Changes in the way that BT charges ISPs for providing unmetered dial-up Internet connections, announced today, could result in price cuts for consumers, according to industry regulator Oftel.
Under the terms of FRIACO (Flat Rate Internet Access Call Origination) ISPs pay BT for the right to provide unmetered dial-up access on BT phone lines. Until now BT has charged ISPs in advance, but Oftel has ruled that in future it must charge in arrears. In addition BT will have to refund ISPs the additional costs incurred by having to pay in advance since the start of FRIACO in May 2000.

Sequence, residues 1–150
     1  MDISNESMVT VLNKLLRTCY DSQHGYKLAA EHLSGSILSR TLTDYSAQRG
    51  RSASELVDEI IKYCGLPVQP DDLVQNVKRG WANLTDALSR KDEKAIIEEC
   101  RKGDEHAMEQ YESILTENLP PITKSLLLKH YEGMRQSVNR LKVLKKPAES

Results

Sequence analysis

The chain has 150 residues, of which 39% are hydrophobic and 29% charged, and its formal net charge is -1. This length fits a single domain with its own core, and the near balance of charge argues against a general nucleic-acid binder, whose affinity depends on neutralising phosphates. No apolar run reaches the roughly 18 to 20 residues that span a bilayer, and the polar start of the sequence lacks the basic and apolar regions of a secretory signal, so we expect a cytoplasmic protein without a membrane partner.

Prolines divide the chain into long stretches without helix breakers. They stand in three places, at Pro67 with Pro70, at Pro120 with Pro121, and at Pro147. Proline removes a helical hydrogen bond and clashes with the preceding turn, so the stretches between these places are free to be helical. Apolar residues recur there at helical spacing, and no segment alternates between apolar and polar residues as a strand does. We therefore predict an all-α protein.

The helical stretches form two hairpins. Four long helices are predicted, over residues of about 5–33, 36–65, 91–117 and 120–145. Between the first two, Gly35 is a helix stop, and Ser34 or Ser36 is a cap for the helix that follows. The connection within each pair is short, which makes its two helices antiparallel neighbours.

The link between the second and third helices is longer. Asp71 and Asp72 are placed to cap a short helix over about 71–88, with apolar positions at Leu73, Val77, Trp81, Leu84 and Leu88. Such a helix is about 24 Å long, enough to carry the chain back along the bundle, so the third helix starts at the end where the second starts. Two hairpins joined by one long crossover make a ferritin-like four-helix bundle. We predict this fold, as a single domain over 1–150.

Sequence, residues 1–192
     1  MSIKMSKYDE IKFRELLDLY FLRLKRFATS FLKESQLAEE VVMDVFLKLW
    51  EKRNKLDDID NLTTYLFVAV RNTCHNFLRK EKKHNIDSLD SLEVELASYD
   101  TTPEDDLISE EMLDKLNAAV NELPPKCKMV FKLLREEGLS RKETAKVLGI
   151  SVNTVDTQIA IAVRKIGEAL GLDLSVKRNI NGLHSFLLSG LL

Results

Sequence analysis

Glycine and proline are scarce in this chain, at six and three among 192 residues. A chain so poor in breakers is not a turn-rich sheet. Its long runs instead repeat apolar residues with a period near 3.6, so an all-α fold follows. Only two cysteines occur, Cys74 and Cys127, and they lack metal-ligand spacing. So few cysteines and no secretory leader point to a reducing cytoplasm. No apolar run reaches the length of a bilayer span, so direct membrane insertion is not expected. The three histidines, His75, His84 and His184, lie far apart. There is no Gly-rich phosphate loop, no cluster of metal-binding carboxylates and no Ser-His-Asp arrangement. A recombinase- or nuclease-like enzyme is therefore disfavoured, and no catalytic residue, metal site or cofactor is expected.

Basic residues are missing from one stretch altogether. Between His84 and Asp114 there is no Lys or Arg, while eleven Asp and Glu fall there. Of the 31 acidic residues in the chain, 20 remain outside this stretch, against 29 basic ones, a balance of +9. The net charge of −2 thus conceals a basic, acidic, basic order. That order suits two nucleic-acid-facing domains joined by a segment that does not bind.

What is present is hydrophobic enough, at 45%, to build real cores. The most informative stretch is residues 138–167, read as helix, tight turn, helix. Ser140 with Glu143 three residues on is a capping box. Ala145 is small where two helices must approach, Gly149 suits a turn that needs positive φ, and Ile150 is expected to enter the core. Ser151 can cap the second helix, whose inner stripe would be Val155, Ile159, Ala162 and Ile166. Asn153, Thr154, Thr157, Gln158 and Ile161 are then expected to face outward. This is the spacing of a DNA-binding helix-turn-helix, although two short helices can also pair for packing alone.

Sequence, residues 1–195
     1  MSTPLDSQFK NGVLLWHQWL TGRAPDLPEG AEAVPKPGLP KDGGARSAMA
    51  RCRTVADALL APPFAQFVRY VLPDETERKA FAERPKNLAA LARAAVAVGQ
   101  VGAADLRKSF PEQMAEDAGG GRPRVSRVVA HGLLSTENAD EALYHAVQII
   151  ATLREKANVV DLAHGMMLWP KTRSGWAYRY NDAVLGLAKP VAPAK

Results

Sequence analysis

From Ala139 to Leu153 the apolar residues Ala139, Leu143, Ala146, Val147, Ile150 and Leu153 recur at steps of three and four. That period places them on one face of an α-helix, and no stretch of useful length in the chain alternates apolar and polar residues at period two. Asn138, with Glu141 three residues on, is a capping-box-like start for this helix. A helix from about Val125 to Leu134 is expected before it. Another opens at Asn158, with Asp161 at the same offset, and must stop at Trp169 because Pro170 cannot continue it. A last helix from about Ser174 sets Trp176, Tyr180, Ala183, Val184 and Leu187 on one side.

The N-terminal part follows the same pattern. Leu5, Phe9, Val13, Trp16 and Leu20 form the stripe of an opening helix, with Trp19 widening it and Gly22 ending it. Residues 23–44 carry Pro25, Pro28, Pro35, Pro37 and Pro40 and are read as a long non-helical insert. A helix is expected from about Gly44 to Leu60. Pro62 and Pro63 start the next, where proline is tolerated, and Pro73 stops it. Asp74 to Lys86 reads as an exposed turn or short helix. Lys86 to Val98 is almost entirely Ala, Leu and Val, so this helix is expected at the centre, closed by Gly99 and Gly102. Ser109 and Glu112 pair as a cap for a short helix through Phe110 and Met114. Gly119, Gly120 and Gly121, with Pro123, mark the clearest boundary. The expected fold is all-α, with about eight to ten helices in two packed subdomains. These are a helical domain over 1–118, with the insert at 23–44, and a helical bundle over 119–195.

David Edmonds, director general of telecommunication for Oftel, said the rule change has been introduced so consumers can 'continue to benefit from competition in the narrowband market.
'To compete effectively with BT where it has market power, operators have to be offered fair and reasonable terms for wholesale products and services, and Oftel will always take action when necessary to ensure that this happens.'
The change will also make it easier for ISPs to manage their costs and, said Edmonds, 'will also bring further future savings to the operators, which they may then pass on to consumers.'
A number of ISPs, including AOL and BT Openworld, have recently increased the price of their unmetered dial-up packages.